Lower output again from lignite-fired stations, less competitive

Major changes are taking place in the wholesale electricity market with lignite-fired production falling further along with the system marginal price (SMP), while natural gas-fueled power stations have become increasingly competitive.

According to data provide by IPTO, the power grid operator, lignite-fired production last month fell further to 1,016 GWh, from 1,167 GWh, reducing its representation to 24 percent of total electricity production, including imports, down from a level of 30 percent in February.

Based on these figures, imported electricity, which amounted to 1,062 GWh in March, stands as the biggest provider to Greece’s electricity system, meaning that the problems created by last summer’s capital controls have been overcome and transboundary electricity trade has returned stronger than in the past.

Lignite-fired electricity production has also fallen on an annual basis. Production in March, compared to the equivalent month last year, fell by 31.9 percent, while electricity production at natural gas-fuled stations more than doubled, rising by 104.7 percent.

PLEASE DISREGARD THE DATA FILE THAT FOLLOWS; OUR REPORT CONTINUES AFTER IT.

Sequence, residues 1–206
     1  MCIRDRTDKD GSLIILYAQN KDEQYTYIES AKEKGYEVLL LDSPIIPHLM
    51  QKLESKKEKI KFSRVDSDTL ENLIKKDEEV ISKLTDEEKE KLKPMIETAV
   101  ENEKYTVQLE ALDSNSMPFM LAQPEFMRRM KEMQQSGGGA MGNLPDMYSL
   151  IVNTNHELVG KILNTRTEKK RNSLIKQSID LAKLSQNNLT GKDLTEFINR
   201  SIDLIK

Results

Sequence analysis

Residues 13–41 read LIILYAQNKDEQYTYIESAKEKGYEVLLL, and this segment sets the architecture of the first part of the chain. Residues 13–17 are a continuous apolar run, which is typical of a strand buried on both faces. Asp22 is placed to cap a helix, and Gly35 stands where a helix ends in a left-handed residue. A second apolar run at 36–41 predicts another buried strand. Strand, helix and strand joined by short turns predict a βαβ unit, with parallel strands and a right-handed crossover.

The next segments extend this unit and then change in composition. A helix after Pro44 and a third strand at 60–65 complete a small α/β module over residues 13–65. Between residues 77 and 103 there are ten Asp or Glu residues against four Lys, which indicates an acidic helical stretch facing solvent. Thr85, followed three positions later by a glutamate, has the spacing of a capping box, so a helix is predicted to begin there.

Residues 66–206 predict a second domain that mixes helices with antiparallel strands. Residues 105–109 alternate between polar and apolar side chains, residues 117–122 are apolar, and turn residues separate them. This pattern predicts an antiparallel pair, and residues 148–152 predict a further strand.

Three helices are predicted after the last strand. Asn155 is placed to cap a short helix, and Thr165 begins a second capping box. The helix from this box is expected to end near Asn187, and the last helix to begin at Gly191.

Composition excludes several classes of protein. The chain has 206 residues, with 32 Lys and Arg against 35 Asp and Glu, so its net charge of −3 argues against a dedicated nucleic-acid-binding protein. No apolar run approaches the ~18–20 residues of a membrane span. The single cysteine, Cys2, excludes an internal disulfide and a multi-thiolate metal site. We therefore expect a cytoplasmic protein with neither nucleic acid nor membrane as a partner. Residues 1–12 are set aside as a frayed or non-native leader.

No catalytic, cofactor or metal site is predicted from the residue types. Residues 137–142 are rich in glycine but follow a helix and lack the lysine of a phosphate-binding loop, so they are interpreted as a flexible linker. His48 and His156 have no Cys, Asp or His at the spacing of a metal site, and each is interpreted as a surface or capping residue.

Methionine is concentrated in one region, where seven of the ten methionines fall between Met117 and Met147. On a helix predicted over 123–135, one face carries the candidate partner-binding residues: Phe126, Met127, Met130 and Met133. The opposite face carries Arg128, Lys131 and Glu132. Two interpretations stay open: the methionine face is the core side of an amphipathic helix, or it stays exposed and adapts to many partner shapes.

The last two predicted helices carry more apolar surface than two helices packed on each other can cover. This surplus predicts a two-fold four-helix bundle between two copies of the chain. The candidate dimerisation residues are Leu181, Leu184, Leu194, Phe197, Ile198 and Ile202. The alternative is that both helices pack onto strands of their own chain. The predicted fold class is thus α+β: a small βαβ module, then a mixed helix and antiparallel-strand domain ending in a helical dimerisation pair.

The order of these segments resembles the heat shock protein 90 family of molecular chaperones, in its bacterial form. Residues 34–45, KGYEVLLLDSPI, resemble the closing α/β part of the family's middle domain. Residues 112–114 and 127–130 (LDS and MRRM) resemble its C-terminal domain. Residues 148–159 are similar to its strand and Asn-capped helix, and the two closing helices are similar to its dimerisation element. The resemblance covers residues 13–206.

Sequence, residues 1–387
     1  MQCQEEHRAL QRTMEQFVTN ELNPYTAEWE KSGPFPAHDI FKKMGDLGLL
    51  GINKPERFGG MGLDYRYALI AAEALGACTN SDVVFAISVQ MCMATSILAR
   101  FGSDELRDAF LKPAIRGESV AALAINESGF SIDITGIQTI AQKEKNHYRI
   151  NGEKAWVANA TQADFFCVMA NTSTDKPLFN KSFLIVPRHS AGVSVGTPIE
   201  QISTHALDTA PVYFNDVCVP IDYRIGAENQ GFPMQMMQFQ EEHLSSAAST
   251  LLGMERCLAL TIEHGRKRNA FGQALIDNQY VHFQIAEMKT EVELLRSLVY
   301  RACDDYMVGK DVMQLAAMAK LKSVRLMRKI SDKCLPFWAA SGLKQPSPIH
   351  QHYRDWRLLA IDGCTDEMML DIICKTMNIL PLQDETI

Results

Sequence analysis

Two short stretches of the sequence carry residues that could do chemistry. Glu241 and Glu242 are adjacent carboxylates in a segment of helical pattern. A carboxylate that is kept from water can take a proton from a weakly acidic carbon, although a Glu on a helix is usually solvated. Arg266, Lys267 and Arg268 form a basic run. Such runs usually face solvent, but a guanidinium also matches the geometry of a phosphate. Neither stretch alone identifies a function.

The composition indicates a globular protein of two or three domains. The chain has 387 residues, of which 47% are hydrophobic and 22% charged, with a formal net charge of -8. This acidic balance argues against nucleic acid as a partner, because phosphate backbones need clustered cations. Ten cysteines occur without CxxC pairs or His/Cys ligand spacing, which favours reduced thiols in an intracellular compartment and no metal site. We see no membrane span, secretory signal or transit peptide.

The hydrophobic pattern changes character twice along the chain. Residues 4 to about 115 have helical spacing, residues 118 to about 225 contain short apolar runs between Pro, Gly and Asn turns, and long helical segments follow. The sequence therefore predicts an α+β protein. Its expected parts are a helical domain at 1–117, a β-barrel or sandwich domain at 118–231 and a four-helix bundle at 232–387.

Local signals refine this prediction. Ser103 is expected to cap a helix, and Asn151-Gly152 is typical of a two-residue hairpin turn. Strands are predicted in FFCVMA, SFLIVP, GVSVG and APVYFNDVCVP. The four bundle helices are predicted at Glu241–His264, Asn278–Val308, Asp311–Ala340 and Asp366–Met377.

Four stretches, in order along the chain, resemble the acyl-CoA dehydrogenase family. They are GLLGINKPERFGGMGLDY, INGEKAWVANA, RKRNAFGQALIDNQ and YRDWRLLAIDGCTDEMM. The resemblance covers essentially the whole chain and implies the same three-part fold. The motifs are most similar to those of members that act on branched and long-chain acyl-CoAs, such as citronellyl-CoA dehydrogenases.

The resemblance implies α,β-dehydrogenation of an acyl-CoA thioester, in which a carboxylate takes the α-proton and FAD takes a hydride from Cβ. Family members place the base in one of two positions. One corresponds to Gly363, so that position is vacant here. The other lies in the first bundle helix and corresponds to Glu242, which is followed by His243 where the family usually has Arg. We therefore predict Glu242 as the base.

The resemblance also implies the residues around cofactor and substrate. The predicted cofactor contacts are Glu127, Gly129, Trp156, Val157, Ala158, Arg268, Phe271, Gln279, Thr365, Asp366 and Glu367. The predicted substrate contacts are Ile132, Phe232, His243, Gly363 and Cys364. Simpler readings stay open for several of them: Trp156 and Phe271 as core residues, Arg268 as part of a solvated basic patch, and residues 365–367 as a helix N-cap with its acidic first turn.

Lignite-fired power stations have lost their competitive advantage. Lignite-fired power stations determined the SMP – in other words, offered the system’s highest price – for 273 hours in March, compared to 292 hours by natural gas-fueled power stations. Therefore, lignite-fired power stations determined the SMP for 36.74 percent of the time, while natural gas-fueled power stations did so for 39.3 percent of the time.

The SMP averaged 40.782 euros per MWh in March, peaking at 55.006 euros per MWh on March 2. As for the lowest level, the SMP struck zero for three hours during the month, on March 23, 28 and 29, at 1am on each of these dates.

Even older, less efficient natural gas-fueled power stations, such as a facility in Komotini, northeastern Greece, can produce at lower rates than lignite-fired stations, according to LAGIE, the electricity market operator.